Just like most female physics researchers in Britain, Jessica Wade went to a girls’ school. She now holds a PhD in physics from Imperial College London, where she is studying plastic electronics as a research associate. “When I began my PhD I was the only girl in the research group. My best girlfriend graduated, and suddenly it became very hard for me to be in this university that I loved so much without a support network. That was when I realized that this must happen to all women in all departments when they don’t have that best friend,” she explains.
Besides her research, Wade does considerable outreach work to ensure that more girls will choose careers in science. A founder and coordinator of several associations, she works with the British Institute of Physics (IOP) and delivers talks in schools. But Wade has another, more unusual method to increase the representation of women in science: she writes Wikipedia articles about women scientists. One every day.
Creating Wikipedia articles about women scientists is “a global movement,” says Wade
Creating Wikipedia articles about women scientists is “a global movement,” says Wade, who found inspiration in a US medical student named Emily Temple-Wood who began contributing to Wikipedia at age 12. After receiving scores of sexist comments through email and social media, Temple-Wood decided to “channel her anger” in a constructive way by writing up a Wikipedia article about a woman in science for every abusive message that she got. In a short space of time, this young woman was leading a group of contributors who managed to raise the quality of biographical articles on women scientists above average; this is known as the “Keilana Effect,” after the name she uses on the site.
Wade has followed her lead by writing up seven new articles a week. She has already written hundreds, and spends hours doing research at the archives of science institutions, attending conferences, and using Twitter to locate women scientists, either dead or alive, who have been ignored by society.
For every 100 Wikipedia biographies in English, only 17 are about women, she notes. “But that 17% is not just for scientists. In science, where women are already underrepresented, it’s much worse.
For every 100 Wikipedia biographies in English, only 17 are about women, she notes
“It’s not just a sad and discriminatory reality, it’s also that the few existing articles on women scientists usually do no more than list the prizes they have won, mention the fact that they are women, or else talk about their husbands,” says Wade angrily. “And if you go to the website of a scientific discipline where you know that a woman has made a significant contribution, it is very rare for her, or for her contribution, to be mentioned at all. It makes me really mad.”
The most important part about creating a new biography is demonstrating why this person is notable and “deserves” a Wikipedia article. And this is typically very difficult. “I can’t write an article about my friend just for the heck of it. In science, you normally need to have a given number of published works,” says Wade. “My own page was written by an engineer from Imperial College, but I’m really embarrassed about it, I don’t have enough published work to be notable!”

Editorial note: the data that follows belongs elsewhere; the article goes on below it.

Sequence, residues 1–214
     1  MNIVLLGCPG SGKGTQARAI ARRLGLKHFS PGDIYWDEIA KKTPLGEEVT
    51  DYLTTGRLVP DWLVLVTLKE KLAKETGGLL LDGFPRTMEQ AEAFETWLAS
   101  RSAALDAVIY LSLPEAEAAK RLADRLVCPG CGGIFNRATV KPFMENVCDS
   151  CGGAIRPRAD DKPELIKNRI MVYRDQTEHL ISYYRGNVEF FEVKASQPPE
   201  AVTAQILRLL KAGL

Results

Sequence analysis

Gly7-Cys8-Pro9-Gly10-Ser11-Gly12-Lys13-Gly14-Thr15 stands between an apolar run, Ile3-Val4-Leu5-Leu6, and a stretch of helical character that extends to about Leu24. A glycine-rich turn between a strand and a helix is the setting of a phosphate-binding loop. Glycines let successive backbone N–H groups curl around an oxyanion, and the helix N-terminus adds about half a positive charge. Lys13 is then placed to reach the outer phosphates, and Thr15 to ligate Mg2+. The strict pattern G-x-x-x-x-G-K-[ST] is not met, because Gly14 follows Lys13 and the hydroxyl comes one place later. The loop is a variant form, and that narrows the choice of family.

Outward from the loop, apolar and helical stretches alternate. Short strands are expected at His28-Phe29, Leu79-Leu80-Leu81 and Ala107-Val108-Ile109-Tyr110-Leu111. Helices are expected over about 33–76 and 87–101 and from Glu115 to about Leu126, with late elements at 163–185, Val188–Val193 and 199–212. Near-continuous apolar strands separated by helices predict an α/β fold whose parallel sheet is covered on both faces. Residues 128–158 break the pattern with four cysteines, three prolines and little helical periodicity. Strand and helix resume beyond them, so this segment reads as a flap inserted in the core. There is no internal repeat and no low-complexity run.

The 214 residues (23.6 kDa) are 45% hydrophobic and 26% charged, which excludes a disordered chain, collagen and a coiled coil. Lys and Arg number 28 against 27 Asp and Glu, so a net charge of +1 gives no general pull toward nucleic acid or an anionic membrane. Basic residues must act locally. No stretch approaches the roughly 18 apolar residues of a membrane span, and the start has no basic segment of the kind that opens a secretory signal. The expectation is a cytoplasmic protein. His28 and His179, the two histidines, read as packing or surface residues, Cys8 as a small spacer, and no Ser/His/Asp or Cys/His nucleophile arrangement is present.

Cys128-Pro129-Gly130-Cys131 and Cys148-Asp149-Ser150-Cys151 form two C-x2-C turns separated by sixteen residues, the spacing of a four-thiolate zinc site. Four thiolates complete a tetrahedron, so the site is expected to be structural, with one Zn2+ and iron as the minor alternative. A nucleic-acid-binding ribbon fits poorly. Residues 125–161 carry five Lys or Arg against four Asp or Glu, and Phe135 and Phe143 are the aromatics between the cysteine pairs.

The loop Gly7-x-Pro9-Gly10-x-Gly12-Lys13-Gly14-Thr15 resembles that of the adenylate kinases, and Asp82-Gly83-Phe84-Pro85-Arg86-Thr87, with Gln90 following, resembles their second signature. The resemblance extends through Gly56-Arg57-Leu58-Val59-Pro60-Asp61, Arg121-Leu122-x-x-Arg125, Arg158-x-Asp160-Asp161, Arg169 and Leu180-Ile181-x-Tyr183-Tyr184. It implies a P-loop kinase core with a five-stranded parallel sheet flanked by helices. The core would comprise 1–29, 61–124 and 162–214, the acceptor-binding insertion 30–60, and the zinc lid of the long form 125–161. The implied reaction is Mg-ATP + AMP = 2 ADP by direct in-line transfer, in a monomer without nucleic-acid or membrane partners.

In the case of science writers and communicators, the notability criteria are more ambiguous. “Sometimes you write an article about a woman who is contributing more to the conversation about science than to direct research, and people quickly start pointing out that there is no notability or that she has made no contributions. It’s horrible to read that. It would be horrible to read that about yourself,” she says.
It is precisely because of such comments that Wade tries to wait for her texts to be reviewed by experienced editors before sharing them. “But we need greater diversity among the editors; there is a bias there as well because most of them are men.” And there is an added problem, she says: “I have realized in an anecdotal way, I still don’t have statistics on it, but it seems like those comments appear faster when the woman is not white. I really find that terrible.”
In the meantime, there is an international movement to improve diversity in Wikipedia’s other languages. “In Spanish I believe that 18% of biographies are about women. It’s a bit better, but of course it’s a much smaller Wikipedia [than the English-language one]”. The advantage of this is that there are so few editors in other languages that it’s very easy to get started and feel welcomed by the new emerging community. For anyone considering it, Wade has a piece of advice: “A very easy way to start editing Wikipedia in Spanish is by translating articles from the English-language version. That would be great.”
Anyone can edit Wikipedia. There is no need to register or create a username. But because a lot of people need a little push to get going, Wade regularly organizes wikithons where groups of people inside a room make a collective effort for an hour or two. “All you need is a computer, someone who understands Wikipedia and a group of people who are motivated to do good,” says the British physicist.
These wikithons can take place at conferences, summer camps or university groups, but they work particularly well at schools. “Teachers love them because it requires using many abilities, such as consulting impartial sources and writing up a bibliography, which coincides with the class material that they want to teach anyway,” says Wade. “And they have an incredible effect on young people. We’re always told that “we need more women in science,” but we’re tired of hearing that. If students get to know these women by working together, they really start to appreciate the incredible discoveries they have made.”
English version by Susana Urra.